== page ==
Health and emergency personnel often talk about the importance of the golden hour.
That is the hour immediately after a traumatic injury, considered the most critical for successful emergency treatment.
Nor is it only trauma’s that fall under this category. There are a number of health emergencies, from heart attacks, strokes, seizures and the like, that with the improvements in modern medicine, outcomes are favourable, assuming people are able to get to the hospital in a timely fashion.
The problem, in rural communities, given the distances involved, it is nearly impossible for emergency personnel, at the best of times to respond, get a patient ready to transport and then get them to the hospital within the first hour, And when you add in what many experts in the province believe is a critical shortage of ambulance and paramedics the issue is compounded that much more.
Health Sciences Association of Alberta (HSAA), the union representing Alberta’s paramedics, says the province’s ambulance system is stretched to its breaking point. Documents it obtained through a freedom of information request show demand is up almost 20 per cent since 2012-2013, but there’s only 3.4 per cent more paramedics. In the province it is estimated that there are just shy of 50 ambulances.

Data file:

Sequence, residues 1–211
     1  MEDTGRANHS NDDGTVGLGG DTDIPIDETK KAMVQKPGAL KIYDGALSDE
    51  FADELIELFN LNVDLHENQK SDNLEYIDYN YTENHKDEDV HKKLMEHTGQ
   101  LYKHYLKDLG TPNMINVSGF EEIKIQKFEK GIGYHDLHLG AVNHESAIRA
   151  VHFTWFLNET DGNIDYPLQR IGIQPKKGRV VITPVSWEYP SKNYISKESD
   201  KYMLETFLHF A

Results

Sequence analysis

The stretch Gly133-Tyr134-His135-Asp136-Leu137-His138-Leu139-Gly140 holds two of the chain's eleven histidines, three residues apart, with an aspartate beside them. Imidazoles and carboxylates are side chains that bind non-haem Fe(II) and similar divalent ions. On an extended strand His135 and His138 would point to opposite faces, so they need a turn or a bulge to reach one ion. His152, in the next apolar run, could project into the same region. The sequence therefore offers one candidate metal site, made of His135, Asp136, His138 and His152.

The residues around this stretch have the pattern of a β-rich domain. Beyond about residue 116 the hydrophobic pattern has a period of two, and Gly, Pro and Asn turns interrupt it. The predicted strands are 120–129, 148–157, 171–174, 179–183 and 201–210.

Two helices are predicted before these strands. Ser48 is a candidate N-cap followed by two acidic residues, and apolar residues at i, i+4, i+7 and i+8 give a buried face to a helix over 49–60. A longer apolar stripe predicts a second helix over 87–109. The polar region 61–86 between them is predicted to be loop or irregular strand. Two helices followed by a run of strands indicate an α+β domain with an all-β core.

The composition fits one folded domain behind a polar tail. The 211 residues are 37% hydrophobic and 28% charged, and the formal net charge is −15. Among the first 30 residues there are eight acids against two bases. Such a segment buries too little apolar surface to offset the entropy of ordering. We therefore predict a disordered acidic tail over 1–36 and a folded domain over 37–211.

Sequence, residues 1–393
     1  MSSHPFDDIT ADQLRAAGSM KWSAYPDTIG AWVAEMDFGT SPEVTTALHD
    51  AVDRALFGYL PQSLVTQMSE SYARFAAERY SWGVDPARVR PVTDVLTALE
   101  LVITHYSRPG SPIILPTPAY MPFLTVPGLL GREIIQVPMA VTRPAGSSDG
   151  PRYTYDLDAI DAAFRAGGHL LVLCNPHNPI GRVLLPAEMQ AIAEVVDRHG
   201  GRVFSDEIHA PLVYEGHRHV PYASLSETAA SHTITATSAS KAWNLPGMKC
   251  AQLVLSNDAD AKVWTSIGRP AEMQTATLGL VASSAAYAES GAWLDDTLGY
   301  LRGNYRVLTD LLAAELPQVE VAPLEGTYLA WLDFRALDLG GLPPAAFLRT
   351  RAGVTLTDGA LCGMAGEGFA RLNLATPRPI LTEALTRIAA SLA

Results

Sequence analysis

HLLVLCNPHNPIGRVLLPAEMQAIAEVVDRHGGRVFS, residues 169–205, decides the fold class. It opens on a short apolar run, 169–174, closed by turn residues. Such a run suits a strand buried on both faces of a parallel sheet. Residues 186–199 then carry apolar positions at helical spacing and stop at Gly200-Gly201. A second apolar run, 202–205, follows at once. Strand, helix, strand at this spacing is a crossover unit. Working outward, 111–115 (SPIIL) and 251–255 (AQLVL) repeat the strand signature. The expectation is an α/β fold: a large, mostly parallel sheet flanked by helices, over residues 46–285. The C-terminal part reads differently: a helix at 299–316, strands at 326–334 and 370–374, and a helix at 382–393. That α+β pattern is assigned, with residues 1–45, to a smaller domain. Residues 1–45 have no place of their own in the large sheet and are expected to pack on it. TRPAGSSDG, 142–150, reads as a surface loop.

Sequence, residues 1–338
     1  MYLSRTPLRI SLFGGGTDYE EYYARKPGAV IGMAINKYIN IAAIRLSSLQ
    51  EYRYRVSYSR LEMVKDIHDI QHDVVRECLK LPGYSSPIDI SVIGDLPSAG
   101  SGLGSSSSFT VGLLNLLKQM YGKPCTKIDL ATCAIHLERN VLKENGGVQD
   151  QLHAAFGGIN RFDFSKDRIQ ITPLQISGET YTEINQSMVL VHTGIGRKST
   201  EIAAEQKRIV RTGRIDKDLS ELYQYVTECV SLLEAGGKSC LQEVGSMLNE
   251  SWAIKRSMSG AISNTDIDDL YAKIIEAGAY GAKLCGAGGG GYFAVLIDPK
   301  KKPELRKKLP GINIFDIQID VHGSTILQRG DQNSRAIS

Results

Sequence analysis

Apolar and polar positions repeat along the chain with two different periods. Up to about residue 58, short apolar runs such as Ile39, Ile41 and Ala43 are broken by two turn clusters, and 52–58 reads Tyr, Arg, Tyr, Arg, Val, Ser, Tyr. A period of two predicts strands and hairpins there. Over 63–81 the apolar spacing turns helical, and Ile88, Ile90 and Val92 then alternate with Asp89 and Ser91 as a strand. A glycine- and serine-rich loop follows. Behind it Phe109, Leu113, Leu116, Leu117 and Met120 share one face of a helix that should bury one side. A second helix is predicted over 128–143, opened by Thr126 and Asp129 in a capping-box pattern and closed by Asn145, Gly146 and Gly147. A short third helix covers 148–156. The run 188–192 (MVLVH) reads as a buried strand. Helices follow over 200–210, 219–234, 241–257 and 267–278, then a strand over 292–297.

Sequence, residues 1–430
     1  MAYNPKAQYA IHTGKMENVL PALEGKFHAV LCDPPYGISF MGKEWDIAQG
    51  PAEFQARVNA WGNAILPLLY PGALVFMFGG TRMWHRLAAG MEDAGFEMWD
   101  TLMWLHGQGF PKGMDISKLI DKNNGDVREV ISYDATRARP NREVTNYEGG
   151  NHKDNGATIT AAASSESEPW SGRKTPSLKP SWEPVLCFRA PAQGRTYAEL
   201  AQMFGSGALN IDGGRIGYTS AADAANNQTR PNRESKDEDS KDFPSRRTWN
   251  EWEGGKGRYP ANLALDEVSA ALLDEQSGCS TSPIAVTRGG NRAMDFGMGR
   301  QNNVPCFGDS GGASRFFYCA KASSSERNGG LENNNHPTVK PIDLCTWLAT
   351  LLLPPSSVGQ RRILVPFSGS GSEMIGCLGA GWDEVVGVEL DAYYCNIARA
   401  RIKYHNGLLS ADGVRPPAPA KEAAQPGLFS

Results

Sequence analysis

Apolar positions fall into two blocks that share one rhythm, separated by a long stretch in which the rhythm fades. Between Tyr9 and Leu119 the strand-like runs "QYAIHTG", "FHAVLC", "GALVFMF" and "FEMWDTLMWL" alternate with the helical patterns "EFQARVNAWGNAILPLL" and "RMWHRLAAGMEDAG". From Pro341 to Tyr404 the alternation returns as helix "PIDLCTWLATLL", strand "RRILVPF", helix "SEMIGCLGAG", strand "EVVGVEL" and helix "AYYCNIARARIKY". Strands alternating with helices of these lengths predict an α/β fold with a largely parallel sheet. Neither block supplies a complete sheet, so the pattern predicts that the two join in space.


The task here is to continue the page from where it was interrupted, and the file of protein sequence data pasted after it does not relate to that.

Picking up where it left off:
As a result, people are being subjected to long wait times for an ambulance.
Recently we have been in contact with a woman who knows the frustration first hand. Without giving too many of the details, the woman’s son experienced a health emergency while on the job at an industrial business outside one of the larger centres in the area.
Unfortunately, the nearest ambulance, stationed about 20 minutes from the business was unavailable so one had to be called out from another town more than 40 minutes away. Because of this delay, it was more than an hour before the patient was ready to be transported to the nearest health care facility. All totaled we estimate that it was more than two hours after the original incident until the gentleman in question received treatment from a medical facility.
We would like to say that this is an isolated incident and it is the first time we have heard such a story, but we can’t. The truth is that these incidents are becoming more and more prevalent. Adding to the problem is that often the reason why ambulances are not able to respond is because they are transporting people from one medical facility to another for non-critical care.
What’s the answer? We are not sure. Even if the government could wave its magic wand and find enough money and trained personnel to double the province’s ambulance feet, it many instances, it still wouldn’t be enough to solve the issue. However, the one thing we are sure about is that the province needs to put the issue higher on its priority list.